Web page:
The San Luis Express

On Thursday, 9-Feb-2006, the San Luis & Rio Grande Railroad ran a special, promotional trip from Alamosa to La Veta, CO, to officially announce their new tourist services that will be launched during the summer of 2006. In cooperation with Don Shank of the Denver & Rio Grande Historical Foundation – the organization that owns the Creede Branch and is restoring FEC 4-6-2 148 – trains will run from Alamosa over to La Veta, crossing the scenic and inaccessible Veta Pass area, and also from Alamosa down to Antonito to complement and connect with the Cumbres & Toltec Scenic. The La Veta run will be known as the San Luis Express, and the connection down to Antonito will operate as the Toltec Gorge Limited.

Thursday’s train consisted of two ex-Kennecott GP39-2s, ILSX 1390 and 1389 – along with High Iron Travel’s Caritas, an open-end observation car that started off life as Frisco’s Pierre LeClede. On board were four individuals key to bringing this dream to reality: Ed Ellis (president of Iowa Pacific Holdings, LLC, the parent company of the SL&RG), Don Shank (head of the Denver & Rio Grande Historical Foundation and partner in the San Luis Express venture), Frank Turner (president of the C&TS Management Corp – the group to be operating the C&TS this year), and Bob Shank (who will manage the San Luis Express operation). Also invited were a number of prominent local individuals, as well as individuals from the press covering the event. The morning started with speeches and a ribbon cutting ceremony at the old Alamosa depot at 0900h. Concluded about thirty minutes later, the invited guests climbed aboard for the three hour trip over the pass to La Veta.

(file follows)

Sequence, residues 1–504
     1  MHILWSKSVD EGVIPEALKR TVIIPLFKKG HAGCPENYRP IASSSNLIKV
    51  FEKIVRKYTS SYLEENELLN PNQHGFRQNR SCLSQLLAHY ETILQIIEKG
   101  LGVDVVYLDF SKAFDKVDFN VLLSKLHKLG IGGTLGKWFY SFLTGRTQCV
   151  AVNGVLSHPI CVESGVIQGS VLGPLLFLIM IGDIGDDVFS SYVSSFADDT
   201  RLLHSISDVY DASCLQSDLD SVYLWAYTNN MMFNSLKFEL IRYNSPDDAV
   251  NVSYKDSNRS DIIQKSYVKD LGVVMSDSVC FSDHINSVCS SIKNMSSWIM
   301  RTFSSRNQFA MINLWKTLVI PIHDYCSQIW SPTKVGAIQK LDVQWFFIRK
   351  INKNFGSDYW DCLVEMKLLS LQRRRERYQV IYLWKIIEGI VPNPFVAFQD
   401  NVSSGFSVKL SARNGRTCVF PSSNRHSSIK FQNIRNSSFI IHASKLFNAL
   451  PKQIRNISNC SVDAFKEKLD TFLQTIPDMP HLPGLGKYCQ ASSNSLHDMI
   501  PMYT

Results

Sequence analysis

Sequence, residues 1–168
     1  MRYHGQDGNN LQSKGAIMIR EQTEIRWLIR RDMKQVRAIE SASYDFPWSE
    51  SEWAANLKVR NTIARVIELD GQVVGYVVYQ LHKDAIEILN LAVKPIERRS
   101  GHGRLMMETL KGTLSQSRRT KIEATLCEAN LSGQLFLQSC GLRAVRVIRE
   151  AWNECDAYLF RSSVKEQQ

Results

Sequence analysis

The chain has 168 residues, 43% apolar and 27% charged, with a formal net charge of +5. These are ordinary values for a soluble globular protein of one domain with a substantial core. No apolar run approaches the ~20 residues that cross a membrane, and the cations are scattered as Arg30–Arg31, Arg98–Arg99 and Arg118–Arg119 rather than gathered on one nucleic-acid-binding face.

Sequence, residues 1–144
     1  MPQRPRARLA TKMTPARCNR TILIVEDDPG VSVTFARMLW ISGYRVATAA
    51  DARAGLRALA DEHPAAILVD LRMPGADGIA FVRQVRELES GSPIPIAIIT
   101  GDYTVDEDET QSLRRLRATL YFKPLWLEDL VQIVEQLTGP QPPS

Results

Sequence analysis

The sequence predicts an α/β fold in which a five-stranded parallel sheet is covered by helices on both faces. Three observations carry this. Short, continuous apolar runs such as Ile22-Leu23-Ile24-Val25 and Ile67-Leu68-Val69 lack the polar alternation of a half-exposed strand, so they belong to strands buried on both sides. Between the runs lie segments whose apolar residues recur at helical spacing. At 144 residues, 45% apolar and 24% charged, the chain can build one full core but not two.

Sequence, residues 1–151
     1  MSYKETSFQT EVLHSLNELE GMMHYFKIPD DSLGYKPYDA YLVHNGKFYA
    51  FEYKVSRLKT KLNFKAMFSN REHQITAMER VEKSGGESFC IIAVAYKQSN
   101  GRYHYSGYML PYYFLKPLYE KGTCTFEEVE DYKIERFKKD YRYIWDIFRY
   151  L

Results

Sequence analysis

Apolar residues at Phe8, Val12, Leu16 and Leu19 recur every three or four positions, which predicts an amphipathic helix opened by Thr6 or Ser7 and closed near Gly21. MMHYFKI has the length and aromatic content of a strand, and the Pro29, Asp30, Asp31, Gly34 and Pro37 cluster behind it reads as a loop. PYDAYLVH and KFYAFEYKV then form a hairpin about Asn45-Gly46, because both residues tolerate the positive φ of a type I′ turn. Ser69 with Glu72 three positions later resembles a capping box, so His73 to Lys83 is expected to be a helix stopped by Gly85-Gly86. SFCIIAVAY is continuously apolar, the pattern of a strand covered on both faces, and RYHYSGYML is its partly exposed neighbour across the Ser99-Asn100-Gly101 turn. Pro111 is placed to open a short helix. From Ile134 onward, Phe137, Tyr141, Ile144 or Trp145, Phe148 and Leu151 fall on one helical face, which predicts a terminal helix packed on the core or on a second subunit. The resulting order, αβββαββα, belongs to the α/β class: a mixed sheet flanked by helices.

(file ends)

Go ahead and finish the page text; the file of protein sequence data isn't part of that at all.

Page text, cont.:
The La Veta town reception was nothing short of phenominal. Pulling into town at 1242h, the train was greeted by around 400 residents and interested individuals, many wearing red at the prompting of local officials to mark a “red letter day”. (Sorry I couldn’t participate – I got the press release, but I don’t own anything red…) The local school band was out to play for the arrival, the fire department had their trucks out on display, and there wasn’t a parking spot to be had for nearly three blocks by the time I arrived. Estimates I’ve seen after the fact put 400-500 people at the celebration. Once again, there were a few speeches, followed by another ribbon cutting, followed by a bit of singing and cheering by the crowd.

Once the crowd had thinned out in about an hour, the train was turned on the wye and pointed back to Alamosa. Around 1430h, everyone was back on board and the return trip got underway. The train made about equal time heading back, taking 3:15 to return to Alamosa just slightly after sunset. Upon arrival, the SL&RG’s usual operations were evident, as the turn over to Walsenburg was in the yard just waiting to leave as soon as the special cleared up.

Reportedly, when service starts up on May 24, the train will consist of 1950s-era ex-Long Island Railroad coaches. Hopefully they’ll consider adding an open air car, as it would be greatly appreciated by those of us who like to stand outside and take in the scenery. The talk on Thursday was that the D&RGHF’s SP B30-7 will provide power for at least one of the runs, but that’s not from any official source, just the railfan rumor mill. Even if not, the rumor mill also says that the SL&RG has a number of rebuilt units coming that will actually be painted in an SLRG paint scheme, not just the mix-and-match lease fleet that the RailAmerica version of the SL&RG used.

This is an incredible opportunity, and I do hope that the trains becomes a success. Other than a handful of private car trips over the pass, no regularly-scheduled passenger train has made the journey in nearly fifty years. The La Veta Pass line is one of the least accessible on the former Rio Grande system, as it passes through a rugged, remote region with few roads, and largely inaccessible otherwise because it’s private property. Over this stretch lie tunnels, steep grades of 3%, sharp curves, and spectacular views to all sides. The run to Antonito should be an excellent complement to the Cumbres & Toltec Scenic, and hopefully with be good for both railroads as well as the tourism trade in the surrounding communities. For more information about riding the new line, see their website at http://www.alamosatrain.com. Hopefully on May 25, I’ll be able to post another one of these trip reports, except this time from the point of view as a passenger.


All photographs in this trip report were taken with a Canon EOS 20D using either a Canon 28-105mm USM or a Canon 75-300mm f4-5.3 IS/USM.

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